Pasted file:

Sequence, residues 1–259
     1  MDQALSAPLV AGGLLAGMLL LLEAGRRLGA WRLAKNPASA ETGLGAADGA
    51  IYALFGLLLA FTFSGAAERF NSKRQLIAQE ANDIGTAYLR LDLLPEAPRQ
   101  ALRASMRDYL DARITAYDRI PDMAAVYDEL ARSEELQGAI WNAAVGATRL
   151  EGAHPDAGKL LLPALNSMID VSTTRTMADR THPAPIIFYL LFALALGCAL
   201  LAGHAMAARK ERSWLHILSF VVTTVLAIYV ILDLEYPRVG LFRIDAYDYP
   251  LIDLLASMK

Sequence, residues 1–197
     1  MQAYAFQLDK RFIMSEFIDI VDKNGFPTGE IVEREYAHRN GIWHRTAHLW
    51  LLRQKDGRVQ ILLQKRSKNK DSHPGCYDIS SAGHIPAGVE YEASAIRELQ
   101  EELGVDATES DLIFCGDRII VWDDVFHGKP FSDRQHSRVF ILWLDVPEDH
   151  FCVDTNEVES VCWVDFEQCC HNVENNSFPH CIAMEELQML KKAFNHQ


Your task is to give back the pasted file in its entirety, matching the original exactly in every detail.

Sequence, residues 1–259
     1  MDQALSAPLV AGGLLAGMLL LLEAGRRLGA WRLAKNPASA ETGLGAADGA
    51  IYALFGLLLA FTFSGAAERF NSKRQLIAQE ANDIGTAYLR LDLLPEAPRQ
   101  ALRASMRDYL DARITAYDRI PDMAAVYDEL ARSEELQGAI WNAAVGATRL
   151  EGAHPDAGKL LLPALNSMID VSTTRTMADR THPAPIIFYL LFALALGCAL
   201  LAGHAMAARK ERSWLHILSF VVTTVLAIYV ILDLEYPRVG LFRIDAYDYP
   251  LIDLLASMK

Sequence, residues 1–197
     1  MQAYAFQLDK RFIMSEFIDI VDKNGFPTGE IVEREYAHRN GIWHRTAHLW
    51  LLRQKDGRVQ ILLQKRSKNK DSHPGCYDIS SAGHIPAGVE YEASAIRELQ
   101  EELGVDATES DLIFCGDRII VWDDVFHGKP FSDRQHSRVF ILWLDVPEDH
   151  FCVDTNEVES VCWVDFEQCC HNVENNSFPH CIAMEELQML KKAFNHQ